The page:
In the wake of Oracle's decision to end further application and database development on Hewlett-Packard Itanium servers, there's one thing both vendors actually agree upon: If you're a customer running these servers, don't panic.
Oracle will continue to support its Itanium-based software for five years. After that, it will offer extended support (entailing additional fees) for three years. So HP, too, wants you to know that you won't have to dump your HP Integrity servers this year, next year, or, technically, any time until somewhere between 2015 and 2018.
Support isn't the same as development, however, so as a practical matter, sticking with Itanium hardware (or Oracle software, if you look at it that way) will get increasingly painful as Oracle introduces new application and database features that are available only on other platforms. Given enterprise software deployment time frames, that probably won't hurt much for a year, maybe two.
But sooner than later, as Oracle customers start taking advantage of new software features, the abandoned Oracle-on-Itanium customers will have to make a move. HP and the Connect HP user group have started a spirited social networking campaign to try to persuade Oracle to change its stand, but let's assume it stands firm. What are you going to do?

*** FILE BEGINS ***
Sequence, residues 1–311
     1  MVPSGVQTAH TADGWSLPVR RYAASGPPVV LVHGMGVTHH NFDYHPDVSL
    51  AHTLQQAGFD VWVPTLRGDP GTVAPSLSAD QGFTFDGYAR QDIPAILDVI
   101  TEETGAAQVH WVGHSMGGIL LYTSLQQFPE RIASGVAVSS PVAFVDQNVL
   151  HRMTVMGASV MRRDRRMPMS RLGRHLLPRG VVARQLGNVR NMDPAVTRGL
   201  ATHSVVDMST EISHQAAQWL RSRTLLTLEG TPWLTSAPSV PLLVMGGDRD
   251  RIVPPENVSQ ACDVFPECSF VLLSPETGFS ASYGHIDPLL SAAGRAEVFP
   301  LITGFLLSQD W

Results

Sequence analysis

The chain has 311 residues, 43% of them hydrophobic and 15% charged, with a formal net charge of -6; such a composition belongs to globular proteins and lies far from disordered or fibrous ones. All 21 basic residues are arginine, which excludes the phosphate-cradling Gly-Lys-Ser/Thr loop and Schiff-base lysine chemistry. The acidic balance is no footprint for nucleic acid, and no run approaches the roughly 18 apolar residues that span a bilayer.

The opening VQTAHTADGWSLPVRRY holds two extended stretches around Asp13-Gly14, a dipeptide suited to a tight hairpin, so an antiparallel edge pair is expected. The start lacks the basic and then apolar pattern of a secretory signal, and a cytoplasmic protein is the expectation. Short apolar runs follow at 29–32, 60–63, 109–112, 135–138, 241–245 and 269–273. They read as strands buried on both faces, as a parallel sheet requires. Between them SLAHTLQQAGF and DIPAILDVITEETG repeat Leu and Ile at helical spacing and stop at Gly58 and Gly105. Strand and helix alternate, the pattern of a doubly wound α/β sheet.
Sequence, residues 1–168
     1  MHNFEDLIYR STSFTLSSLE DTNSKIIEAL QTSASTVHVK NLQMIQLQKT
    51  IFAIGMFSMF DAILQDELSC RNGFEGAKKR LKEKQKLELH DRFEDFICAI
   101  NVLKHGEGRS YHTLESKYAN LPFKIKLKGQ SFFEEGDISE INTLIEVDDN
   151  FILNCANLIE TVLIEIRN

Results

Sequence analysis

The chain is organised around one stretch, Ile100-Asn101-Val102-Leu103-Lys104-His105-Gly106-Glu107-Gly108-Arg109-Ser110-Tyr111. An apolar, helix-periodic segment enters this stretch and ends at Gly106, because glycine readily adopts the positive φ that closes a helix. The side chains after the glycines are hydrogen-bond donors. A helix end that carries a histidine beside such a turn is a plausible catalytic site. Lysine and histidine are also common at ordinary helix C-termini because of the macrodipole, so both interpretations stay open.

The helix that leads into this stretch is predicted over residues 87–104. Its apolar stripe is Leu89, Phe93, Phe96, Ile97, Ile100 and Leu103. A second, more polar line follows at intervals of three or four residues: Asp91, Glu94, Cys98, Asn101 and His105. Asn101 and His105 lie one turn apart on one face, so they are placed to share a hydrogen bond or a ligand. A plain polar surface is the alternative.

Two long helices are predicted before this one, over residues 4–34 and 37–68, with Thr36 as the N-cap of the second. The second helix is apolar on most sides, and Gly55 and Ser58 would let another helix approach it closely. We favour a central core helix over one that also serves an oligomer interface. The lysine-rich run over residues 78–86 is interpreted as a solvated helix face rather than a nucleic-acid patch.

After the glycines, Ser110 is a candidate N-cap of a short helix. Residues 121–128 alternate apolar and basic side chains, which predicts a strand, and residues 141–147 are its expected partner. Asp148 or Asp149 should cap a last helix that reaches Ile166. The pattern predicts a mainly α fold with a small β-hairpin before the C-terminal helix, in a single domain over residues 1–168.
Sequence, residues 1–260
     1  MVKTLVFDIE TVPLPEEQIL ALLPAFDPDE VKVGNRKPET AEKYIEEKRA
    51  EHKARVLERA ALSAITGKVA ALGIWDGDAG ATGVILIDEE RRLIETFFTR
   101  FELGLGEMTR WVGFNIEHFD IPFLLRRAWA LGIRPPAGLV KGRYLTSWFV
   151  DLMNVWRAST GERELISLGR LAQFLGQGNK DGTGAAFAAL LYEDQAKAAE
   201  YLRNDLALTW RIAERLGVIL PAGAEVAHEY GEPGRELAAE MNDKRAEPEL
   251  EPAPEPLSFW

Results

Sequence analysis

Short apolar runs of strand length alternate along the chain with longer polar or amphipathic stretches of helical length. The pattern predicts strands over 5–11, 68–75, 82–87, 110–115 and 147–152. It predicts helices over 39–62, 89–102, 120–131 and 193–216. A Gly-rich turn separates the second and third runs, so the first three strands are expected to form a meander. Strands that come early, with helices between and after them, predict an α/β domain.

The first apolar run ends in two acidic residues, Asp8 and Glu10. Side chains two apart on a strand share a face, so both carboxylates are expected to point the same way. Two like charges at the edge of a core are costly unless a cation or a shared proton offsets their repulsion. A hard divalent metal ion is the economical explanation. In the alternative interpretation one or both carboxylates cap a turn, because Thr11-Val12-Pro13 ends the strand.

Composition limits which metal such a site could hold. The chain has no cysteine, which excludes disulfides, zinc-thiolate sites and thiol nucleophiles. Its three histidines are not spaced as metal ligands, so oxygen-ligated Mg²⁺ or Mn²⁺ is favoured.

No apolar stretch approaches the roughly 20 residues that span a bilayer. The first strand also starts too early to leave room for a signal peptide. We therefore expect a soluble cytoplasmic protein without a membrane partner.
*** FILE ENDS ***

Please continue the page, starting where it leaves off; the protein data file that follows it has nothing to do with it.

Intel and HP have sworn up and down that they're committed to Itanium, and they've unveiled a chip roadmap that extends to 2016 as their proof. But that roadmap hasn't stopped customers from noticing x86 server price/performance gains. They also read statements from chip executives like Kirk Skaugen, general manager of Intel's Data Center Group, that Xeon x86 chips offer reliability and performance that is "now equal -- and in some cases better -- than Itanium," and they start to wonder why they should hang with Itanium.
One such Oracle-on-Itanium customer is Todd Sheetz, manager of database administration and enterprise architecture at Veolia Environmental Services. Last summer, Sheetz migrated a key Oracle database off of HP Itanium onto an Oracle RAC (clustered) environment running on Linux and HP x86 servers. Veolia took that step in preparation for moving its PeopleSoft financials app onto the new platform.